[SINGAPORE] Three major liquefied natural gas (LNG) export projects in Indonesia face delays due to lower oil prices and regulatory hurdles, which will push first shipments back to 2020 or later, a government official said on Wednesday.
Production at the Abadi LNG development, operated by Japan's Inpex with Royal Dutch Shell as minority partner, will begin in 2022, three years later than planned, said Widhyawan Prawiraatmadja, a special adviser to the Indonesian minister of energy and mines.
The delays may alter the market outlook for LNG towards the end of the decade, when a wave of new Australian production is expected to add to the current oversupply that has already more than halved Asian spot prices since last year.
Indonesia plans to start up several LNG export terminals by the end of the decade and the government has attracted energy majors including Chevron Corp, BP PLC and Total SA as investors. "Some delays are unavoidable," Mr Prawiraatmadja said at the LNG Supplies for Asian Markets conference in Singapore, adding that the projects faced "a very difficult situation with lower oil prices".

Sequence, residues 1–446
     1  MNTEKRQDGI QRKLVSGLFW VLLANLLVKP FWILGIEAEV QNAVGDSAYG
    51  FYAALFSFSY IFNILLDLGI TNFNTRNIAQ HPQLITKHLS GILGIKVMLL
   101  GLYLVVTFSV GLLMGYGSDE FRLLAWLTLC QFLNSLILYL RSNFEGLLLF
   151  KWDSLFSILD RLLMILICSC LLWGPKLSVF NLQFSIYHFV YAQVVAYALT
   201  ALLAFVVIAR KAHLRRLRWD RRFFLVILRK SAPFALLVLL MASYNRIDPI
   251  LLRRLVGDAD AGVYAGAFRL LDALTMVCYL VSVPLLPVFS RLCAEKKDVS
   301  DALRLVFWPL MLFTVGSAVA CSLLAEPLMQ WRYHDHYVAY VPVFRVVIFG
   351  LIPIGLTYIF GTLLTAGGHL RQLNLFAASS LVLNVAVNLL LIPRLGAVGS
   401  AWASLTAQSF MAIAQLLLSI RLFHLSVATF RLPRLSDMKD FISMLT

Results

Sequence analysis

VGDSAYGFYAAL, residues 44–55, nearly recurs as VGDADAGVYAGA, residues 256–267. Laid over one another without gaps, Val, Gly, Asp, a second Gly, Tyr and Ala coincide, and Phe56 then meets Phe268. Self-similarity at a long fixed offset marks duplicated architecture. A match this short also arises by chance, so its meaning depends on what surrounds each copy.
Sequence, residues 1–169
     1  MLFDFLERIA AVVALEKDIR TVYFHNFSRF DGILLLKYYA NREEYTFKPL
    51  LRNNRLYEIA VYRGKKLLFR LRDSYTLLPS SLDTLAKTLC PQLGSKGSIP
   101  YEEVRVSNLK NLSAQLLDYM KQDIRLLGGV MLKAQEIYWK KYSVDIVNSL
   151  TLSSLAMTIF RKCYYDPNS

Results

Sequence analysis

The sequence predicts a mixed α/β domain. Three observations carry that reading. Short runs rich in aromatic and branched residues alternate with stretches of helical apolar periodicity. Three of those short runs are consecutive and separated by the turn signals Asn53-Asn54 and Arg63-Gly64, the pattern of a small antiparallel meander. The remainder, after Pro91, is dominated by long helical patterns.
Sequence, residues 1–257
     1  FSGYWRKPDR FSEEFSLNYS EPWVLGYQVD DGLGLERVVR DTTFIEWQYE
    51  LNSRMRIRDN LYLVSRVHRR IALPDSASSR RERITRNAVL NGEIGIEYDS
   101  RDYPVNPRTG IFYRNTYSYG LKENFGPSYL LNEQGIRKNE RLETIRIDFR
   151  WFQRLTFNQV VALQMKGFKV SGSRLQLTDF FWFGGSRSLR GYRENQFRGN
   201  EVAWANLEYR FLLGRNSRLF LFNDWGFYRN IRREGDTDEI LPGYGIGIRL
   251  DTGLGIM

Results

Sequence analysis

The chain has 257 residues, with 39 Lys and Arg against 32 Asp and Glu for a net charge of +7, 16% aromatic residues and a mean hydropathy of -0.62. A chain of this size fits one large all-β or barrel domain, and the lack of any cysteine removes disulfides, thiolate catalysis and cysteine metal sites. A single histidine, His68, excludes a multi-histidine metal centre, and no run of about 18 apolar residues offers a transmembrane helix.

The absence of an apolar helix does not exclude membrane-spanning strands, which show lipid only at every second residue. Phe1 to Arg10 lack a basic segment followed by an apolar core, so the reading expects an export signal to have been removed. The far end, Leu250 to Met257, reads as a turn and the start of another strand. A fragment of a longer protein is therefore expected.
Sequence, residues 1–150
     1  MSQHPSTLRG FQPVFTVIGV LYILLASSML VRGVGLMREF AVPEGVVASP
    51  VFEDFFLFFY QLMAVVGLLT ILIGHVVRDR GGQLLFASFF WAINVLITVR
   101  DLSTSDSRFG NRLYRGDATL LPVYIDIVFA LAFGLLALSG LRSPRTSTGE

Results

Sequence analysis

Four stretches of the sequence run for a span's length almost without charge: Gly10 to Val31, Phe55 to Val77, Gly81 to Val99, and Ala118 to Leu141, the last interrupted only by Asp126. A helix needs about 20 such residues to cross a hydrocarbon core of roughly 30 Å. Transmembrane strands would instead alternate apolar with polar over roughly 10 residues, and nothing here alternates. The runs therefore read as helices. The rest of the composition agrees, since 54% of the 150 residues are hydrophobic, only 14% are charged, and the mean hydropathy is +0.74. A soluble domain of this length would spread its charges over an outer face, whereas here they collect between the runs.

A final investment decision (FID) on expansion of the BP-led Tangguh project will be made this year, allowing a third LNG train at the plant to begin shipments in 2020, one year later than planned, Prawiraatmadja said.
He also said the target for full operation of the Indonesia Deepwater Development (IDD), a $16.4 billion ultra-deepwater project led by Chevron Corp, would be delayed by a year to 2020.
Chevron took FID on the first stage of the IDD project - the Bangka field - late last year but delayed a decision on the second stage - the Gendalo and Gehem fields - while it reassessed its development plans.
Delays at the Abadi and IDD projects were partly a result of the companies' need to re-submit their proposals for development as volumes from the projects would be larger than initially thought, Mr Prawiraatmadja said.
Falling gas prices have put LNG export projects worldwide under heavy cost pressure and have even led to cancellations as expected returns on investment have to be revised down along with prices.
Lower LNG production and rising domestic demand have already forced Indonesia to export less LNG and instead redirect shipments to new domestic import terminals.
Indonesia's gas demand is forecast by state energy regulator SKKMigas to grow by 9 per cent a year in the coming five years, according to Mr Prawiraatmadja.